US, Norway up exports to China as Russia, Chile decrease
Norway and the United States both increased their seafood imports into China last year while Russia and Chile saw their shipments to Chinese ports fall significantly. Documents from China’s customs agency and agricultural ministry show Norway’s imports into China last year grew 24.7 percent in value terms to USD 540 million (EUR 476 million) and 17.4 percent in volume terms to 213,000 metric tons (MT). Meanwhile, Russian imports fell 5.5 percent in value and 12.7 percent in volume terms to 873,000 MT worth USD 1.4 billion (EUR 1.23 billion).
Russia is still China's largest source of seafood imports, accounting for 15.28 percent of overall imports, which last year totaled 4.28 million MT, worth USD 9.18 billion (EUR 8.12 million), an increase of 2.65 percent and 6.34 percent respectively.
China’s number two source of imports, the US meanwhile is catching up on Russia, accounting for 15 percent of China’s imports: American imports accounted for 590,000 MT worth USD 1.37 billion (EUR 1.21 billion), up 3.5 percent and 6.7 percent, respectively, on 2013 figures. Seafood imports from the third-placed source of imports, the Association of Southeast Asian Nations (ASEAN) bloc, amounted to 540,200 million MT worth USD 1.08 billion (EUR 955 million) in 2014 – that’s up 2.4 percent in volume and up 12.7 percent in value terms. Though growth is slower than in 2013 (when imports grew 28.93 percent year-on-year in value terms) ASEAN now accounts for 11.75 percent of China’s overall seafood imports.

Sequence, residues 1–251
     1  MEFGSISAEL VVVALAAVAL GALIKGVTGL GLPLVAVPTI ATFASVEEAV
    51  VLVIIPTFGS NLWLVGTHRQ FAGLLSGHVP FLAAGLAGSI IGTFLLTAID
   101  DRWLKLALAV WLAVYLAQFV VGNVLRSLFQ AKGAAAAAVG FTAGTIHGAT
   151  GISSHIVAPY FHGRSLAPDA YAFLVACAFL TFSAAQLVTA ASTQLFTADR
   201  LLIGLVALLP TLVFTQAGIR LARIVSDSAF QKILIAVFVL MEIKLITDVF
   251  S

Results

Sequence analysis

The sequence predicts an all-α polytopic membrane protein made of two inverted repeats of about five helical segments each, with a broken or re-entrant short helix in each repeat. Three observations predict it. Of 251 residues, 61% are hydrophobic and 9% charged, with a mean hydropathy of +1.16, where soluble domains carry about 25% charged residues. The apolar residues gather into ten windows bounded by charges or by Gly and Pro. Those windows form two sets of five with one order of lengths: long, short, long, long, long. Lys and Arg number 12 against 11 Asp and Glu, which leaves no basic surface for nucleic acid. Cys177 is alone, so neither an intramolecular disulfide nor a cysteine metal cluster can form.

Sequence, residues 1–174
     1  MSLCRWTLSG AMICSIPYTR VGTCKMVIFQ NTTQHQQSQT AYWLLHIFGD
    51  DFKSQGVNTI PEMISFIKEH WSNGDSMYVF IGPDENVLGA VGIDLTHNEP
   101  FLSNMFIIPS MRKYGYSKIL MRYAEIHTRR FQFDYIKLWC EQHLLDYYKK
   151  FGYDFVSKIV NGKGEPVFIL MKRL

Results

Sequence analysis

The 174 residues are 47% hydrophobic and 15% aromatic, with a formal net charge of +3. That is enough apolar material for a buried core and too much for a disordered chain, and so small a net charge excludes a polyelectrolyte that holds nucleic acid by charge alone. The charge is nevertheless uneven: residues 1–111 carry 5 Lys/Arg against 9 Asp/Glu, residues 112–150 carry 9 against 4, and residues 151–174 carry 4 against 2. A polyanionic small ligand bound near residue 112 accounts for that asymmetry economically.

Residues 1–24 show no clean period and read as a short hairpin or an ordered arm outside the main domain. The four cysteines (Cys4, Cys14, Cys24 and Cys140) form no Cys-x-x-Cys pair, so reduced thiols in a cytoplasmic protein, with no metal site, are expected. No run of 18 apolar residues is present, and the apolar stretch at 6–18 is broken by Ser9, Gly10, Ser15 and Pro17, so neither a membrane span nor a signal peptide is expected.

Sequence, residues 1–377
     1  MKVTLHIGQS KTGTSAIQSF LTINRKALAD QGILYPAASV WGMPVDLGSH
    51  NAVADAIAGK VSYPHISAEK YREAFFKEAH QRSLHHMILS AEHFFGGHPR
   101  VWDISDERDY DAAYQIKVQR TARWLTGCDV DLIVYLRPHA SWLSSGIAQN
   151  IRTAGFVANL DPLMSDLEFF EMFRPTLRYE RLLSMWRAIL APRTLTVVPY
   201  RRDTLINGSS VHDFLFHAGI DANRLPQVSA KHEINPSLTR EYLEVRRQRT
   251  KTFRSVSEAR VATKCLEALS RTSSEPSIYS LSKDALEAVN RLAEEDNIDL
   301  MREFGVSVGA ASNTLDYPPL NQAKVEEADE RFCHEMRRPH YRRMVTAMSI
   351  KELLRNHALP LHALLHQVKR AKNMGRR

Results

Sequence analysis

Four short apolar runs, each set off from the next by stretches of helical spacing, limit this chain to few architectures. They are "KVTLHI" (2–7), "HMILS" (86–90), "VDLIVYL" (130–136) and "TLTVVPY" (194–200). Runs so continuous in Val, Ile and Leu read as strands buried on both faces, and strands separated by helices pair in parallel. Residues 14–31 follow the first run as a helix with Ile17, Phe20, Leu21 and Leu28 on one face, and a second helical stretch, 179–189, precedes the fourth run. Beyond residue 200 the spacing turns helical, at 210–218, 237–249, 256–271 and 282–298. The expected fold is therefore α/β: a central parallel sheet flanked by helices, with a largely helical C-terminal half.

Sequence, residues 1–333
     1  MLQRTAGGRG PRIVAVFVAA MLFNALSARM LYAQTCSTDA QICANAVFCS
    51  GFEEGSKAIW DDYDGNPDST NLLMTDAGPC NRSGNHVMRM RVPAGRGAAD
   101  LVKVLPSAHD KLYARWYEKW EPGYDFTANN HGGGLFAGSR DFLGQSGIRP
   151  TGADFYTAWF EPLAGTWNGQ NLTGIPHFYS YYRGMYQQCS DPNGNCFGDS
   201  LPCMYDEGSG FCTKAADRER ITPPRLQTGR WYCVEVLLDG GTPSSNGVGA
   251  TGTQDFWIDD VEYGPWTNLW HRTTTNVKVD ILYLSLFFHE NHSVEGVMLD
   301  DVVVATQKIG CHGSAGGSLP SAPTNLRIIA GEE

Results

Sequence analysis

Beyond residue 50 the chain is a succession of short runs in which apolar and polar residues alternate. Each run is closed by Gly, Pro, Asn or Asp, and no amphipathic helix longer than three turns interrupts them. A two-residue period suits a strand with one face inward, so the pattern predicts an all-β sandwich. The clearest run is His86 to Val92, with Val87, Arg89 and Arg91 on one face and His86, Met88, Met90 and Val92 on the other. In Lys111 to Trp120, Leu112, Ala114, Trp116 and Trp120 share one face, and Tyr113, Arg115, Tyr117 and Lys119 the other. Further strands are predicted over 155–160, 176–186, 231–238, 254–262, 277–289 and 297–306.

China’s key supplier of fishmeal, Peru, in 2014 rebooted growth in sales to China, up by 10.78 percent to 64,700 MT and 2.69 percent in value terms to USD 1.045 billion (EUR 924 million). This is a marked turnaround on 2013 when imports from Peru into China dropped 31.1 percent in value. Peru last year accounted for the bulk of China’s fishmeal imports, which totaled 1.03 million MT, an increase of 6.38 percent worth USD 1.55 billion (EUR 1.37 billion), down 6.77 percent.
There was bad news however for Chile (China’s sixth largest supplier), which saw its seafood imports into China fall 15.26 percent in volume and 8.37 percent in value terms to 185,300 MT worth USD 533 million (EUR 471.5 million). Seventh-placed Canada’s imports into China were up at 3.3 percent in volume to 84,000 MT and rose 15 percent in value, to USD 460 million (EUR 406 million).
A document on China’s seafood trade published by the agricultural ministry this month pointed to the “effectiveness of product promotion activities” of Canada and Norway in China and pointed to the “rapid momentum in recent years” enjoyed by both countries in the Chinese market. This is despite well-publicized difficulties for Norway in getting shipments into China, which blames Norway for the award of a Nobel peace prize to a Chinese dissident in 2011.